SANTA CLARA – Status quo is out the window for new 49ers defensive coordinator Eric Mangini.
In his first season taking over for Vic Fangio, Mangini will have a lot of new players on the field. And during the offseason program, he is putting his own stamp on the team’s 3-4 scheme.
“All D-coordinators have their style,” 49ers safety Antoine Bethea said. “Coach Mangini, his thing is we’re going to cause confusion. The opposing offense isn’t going to know what we’re going to be able to do each down. It could be bringing the pressure. It could be dropping eight into coverage. But it’s just keeping the offense on their heels. However, you want to look at it, I think it’s going to be a good deal for our defense.”
In Fangio’s four seasons in charge of the defense under coach Jim Harbaugh, the 49ers ranked in fourth, third, fifth and fifth in fewest total yards allowed. Fangio did it with a basic scheme in which mental mistakes and miscommunications were rarities.
The 49ers rarely blitzed, and the defense surrendered few big plays because everybody knew exactly what they were doing, as the team focused on a limited number of coverages.
As Bethea described it, the 49ers’ defense now features a lot of movement and many roles are gong to be interchangeable.
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“Everybody has to know what everybody else is doing,” Bethea said. “It could be different people doing different jobs. It could be a linebacker dropping inside and the next play we can switch that.”
There are a lot of different individuals in those jobs now. After being let go from the 49ers’ coaching staff, Fangio ended up as Chicago Bears defensive coordinator. And the only defensive starters who remain from the 49ers’ lineup in Super Bowl XLVII are linebackers Aldon Smith, NaVorro Bowman and Ahmad Brooks.
The 49ers’ ideal is to create confusion for the opposing offense, and that should lead to more big plays for the defense. However, it is also likely to create more confusion for the 11 players on defense and result in more big plays going the wrong direction, too.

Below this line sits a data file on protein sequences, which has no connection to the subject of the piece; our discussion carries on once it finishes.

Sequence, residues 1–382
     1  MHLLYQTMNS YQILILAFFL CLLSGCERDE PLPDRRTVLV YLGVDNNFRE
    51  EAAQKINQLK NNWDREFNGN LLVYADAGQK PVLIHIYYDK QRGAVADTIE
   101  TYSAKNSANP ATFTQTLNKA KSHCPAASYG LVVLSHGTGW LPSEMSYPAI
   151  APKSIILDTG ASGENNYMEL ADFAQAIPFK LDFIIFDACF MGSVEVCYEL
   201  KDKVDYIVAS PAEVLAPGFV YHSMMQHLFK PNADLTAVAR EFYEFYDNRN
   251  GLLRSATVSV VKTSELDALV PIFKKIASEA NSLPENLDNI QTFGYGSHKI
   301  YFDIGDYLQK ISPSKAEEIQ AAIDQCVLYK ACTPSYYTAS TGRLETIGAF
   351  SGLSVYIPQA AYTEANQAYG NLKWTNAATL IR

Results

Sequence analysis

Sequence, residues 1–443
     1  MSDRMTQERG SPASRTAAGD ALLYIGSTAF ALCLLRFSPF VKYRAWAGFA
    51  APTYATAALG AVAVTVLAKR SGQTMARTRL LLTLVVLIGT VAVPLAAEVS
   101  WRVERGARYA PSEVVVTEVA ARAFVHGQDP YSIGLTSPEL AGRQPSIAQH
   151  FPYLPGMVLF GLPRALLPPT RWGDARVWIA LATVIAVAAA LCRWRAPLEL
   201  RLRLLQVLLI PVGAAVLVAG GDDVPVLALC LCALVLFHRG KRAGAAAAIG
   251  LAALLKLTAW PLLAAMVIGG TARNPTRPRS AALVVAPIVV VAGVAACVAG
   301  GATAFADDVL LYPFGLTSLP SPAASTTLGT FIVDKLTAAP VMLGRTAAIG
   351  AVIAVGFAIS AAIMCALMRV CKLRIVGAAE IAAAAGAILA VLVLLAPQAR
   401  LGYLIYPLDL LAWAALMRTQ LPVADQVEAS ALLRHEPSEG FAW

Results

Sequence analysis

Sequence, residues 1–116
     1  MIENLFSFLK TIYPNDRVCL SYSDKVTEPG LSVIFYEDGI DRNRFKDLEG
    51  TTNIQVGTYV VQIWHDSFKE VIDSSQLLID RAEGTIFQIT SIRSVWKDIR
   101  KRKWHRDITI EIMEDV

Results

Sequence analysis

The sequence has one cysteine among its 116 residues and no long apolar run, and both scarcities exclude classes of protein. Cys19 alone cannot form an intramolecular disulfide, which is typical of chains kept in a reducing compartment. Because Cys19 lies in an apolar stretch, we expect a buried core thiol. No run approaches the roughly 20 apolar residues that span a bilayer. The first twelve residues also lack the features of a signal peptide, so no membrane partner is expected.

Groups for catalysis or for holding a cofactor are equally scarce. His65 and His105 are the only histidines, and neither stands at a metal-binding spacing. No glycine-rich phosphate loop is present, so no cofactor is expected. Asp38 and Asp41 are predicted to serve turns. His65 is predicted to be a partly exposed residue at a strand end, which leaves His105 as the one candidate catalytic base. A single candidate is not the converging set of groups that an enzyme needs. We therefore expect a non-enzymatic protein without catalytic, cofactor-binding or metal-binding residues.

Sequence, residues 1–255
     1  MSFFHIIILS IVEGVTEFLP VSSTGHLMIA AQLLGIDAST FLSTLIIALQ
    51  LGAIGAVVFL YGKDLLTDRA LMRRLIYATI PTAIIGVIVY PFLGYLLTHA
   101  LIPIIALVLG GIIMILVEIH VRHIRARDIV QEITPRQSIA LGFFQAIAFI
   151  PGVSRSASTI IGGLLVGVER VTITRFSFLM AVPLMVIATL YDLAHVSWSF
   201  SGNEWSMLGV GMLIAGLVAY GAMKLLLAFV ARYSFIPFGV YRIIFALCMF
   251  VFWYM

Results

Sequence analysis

“That’s what OTAs are for -- getting in the playbook and getting out there in front of the offense and doing different things and getting in the repetition and studying,” Bethea said. “And once the season comes, the coaches can fill it out, ‘OK, we do this well; we don’t do this as well.’ “
Coach Jim Tomsula has never served as an NFL defensive coordinator. Mangini, inside linebackers coach Clancy Pendergast, outside linebackers coach Jason Tarver and secondary coach Tim Lewis have previously worked as NFL defensive coordinators.
“Eric’s doing a wonderful job in this part of it and (with) the things we’re doing out on the field and the defense that we’re learning,” Tomsula said. “But now you also talk about Jason Tarver and you talk about Tim Lewis and Clancy. You get all those guys together in there and some of it, we’re trying (to figure out) who exactly are we, you know what I mean? And looking at some different things in coverage and looking at some different patterns and stuff like that.
“That’ll all settle down once we’re in, and again, it’s not like that’s something new. You’ve seen that here. You’ve seen that everywhere you go. OTAs, you put things in, you’ve got that time to put things in and kind of see what guys do better, so there’s a lot of that going on. But all those guys, that entire coaching staff, is really some good stuff.”
Mangini has been off-limits to speak publicly since he was promoted from tight ends coach in January. Tomsula has acted as the sole voice of the coaching staff. He said he will be responsible for every game plan and every decision on both sides of the ball.
“When you want to point a finger or blame, just point them all at me, OK?” Tomsula said. “Nobody has full autonomy. We’re all in this together. And I have a comment on offense, defense, special teams, player engagement. So if it’s on the field and you don’t like it, you don’t need to, you can just come see one guy.”